The self-proclaimed artist stood in the street, with one ear painted cobalt blue and the other, canary yellow. He was watching a group of actors performing a piece called "Leatherman: The King of Dupont Circle" atop a picnic table. All around were artists and admirers, wearing their clothing either very loose or very tight.

It was the Washington Project for the Arts' first annual Art Party, reminiscent of Haight-Ashbury or Greenwich Village in the '60s. Some say great art is born of adversity, and the heat and humidity seemed to bring out the creativity in everyone.

More than 400 artists and friends of the WPA attended the bohemian bash that included performances and food. The party's real purpose was to say farewell to outgoing WPA executive director Al Nodal and to raise funds for WPA programs.

"I really feel strongly that no one should run a place like WPA longer than five years," said Nodal, who, after five years at WPA, leaves for Los Angeles next month to take charge of the Otis Art Institute of the Parsons School of Design. "WPA is all about constant change, and nobody can keep up with that all the time, you need fresh blood.

"Now I'm mostly excited about working with the artists in L.A.," Nodal said. "We've shown many of them here, and we hope to continue an exchange of art and ideas between L.A. and Washington."

Onstage, Nodal was presented with balloons, showered with confetti, and serenaded by the crowd with "For He's a Jolly Good Fellow." Hovering high above the performance stage was artist Vera Simons' sculpture "Squadron"--seven orange, spaceship-shaped balloons, constructed especially for the street party.

Mayor Marion Barry broke away from his son Marion Christopher's third birthday to proclaim yesterday Washington Project for the Arts Day. "We talked about Seventh Street being an arts corridor, a cultural district in our city," said Barry, cheerleading with the crowd and calling WPA "a national model--an international model for the arts," and the street party a "great big love-in."

"During these days, when this government is spending more money on bombs than babies, on missiles than milk, that's when we need the creativity to come out, don't we? We need the driving force of our artists," Barry said to cheers.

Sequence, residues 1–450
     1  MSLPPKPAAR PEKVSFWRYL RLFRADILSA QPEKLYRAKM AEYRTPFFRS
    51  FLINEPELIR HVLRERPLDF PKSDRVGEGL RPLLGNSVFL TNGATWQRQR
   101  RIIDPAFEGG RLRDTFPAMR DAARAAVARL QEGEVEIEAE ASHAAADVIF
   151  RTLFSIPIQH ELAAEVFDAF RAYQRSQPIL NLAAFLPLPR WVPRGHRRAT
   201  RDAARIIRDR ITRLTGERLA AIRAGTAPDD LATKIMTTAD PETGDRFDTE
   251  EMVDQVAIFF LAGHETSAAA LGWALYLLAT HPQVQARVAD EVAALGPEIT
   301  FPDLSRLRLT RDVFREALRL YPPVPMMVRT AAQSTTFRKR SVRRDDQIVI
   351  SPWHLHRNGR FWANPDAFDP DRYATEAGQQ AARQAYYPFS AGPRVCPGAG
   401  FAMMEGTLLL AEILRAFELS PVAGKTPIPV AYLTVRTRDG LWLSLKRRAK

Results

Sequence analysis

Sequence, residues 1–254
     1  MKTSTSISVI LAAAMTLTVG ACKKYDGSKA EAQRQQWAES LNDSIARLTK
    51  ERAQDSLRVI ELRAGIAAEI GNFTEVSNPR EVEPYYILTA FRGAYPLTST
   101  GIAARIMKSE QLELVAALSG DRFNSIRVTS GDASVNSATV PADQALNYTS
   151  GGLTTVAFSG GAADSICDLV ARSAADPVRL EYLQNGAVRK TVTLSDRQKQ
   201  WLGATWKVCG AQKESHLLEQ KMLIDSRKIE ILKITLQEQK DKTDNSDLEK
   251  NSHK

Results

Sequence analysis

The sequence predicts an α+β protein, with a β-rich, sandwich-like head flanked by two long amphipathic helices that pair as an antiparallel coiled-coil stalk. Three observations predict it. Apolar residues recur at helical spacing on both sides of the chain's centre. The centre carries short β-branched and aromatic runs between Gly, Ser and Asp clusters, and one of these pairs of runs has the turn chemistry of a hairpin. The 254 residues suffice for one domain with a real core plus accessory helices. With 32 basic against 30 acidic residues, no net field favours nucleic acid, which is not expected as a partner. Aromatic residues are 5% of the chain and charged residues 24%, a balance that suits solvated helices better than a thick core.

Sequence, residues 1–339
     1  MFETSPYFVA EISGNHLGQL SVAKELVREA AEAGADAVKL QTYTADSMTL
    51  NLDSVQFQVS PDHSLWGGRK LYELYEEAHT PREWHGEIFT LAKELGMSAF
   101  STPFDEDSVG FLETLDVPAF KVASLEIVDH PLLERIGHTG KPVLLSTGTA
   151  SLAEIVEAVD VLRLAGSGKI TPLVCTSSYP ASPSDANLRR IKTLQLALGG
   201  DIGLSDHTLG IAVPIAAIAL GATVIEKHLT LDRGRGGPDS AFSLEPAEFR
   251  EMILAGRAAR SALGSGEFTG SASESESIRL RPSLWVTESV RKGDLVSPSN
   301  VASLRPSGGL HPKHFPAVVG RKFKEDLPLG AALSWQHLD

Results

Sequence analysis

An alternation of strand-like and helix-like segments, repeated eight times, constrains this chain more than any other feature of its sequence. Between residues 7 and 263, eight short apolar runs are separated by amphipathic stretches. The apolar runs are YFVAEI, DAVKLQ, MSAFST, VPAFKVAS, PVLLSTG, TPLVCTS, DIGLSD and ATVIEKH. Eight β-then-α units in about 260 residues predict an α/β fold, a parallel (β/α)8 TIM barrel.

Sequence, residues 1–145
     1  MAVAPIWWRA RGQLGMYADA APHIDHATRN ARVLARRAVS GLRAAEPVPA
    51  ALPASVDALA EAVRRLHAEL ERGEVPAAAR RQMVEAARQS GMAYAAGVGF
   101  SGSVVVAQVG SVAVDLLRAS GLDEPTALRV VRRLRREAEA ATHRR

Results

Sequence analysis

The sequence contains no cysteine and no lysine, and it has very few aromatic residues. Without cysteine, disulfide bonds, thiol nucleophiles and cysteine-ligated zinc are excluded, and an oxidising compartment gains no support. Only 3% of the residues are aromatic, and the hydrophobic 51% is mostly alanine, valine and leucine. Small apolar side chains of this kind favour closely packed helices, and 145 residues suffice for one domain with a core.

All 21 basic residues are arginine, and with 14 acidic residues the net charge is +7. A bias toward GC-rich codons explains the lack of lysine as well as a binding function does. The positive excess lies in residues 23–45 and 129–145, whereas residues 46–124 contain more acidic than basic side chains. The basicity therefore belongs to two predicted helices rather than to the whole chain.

"I don't think some of these people locally really appreciate yet what a leadership role WPA has taken in this country," said incoming executive director Jock Reynolds, a visual artist who has taught for the last 10 years at San Francisco State University.

Reynolds said he plans to emphasize new work in video, poetry and music, and increased dialogue between artists and audiences. "Artists are often seen as frothing-mouthed misfits, and that's a misrepresentation. You should hear them when they talk about their art, as well as see it."

Joy Silverman, Nodal's wife who was an assistant director of the WPA for three years, came in from Los Angeles, where she is director of Los Angeles Contemporary Exhibitions, an artists' space similar to the WPA.

Silverman wore a turquoise shirt reading, "I LOVE AL NODAL: He's My Husband," made for her by artist Suzanne Codi, who designed special Nodal buttons for the night.

The guests feasted on a colorful picnic of barbecued chicken and ribs. Those who weren't eating or talking art and money browsed through artists' booths, set up especially for the party, where one could purchase--at bargain prices, one was assured--photos, paintings, sculptures and many unidentified esthetic objects, including Stewart Schmatback's "Untitled," a framed piece of brown cardboard bearing the rubber-stamped legend, "This is not art."

The hottest-selling item seemed to be the Al Nodal buttons, with Nodal's image washed with bright colors, a' la Andy Warhol.

Much of Washington's arts community attended, including such well-known people as painter Sam Gilliam, printmaker Lou Stovall, sculptor Jim Sanborn and painter Leon Berkowitz.

"I remember when you couldn't get 100 people together in the arts world," said Berkowitz. "Look at this huge crowd! This thing has so much steam now it's bound to keep going."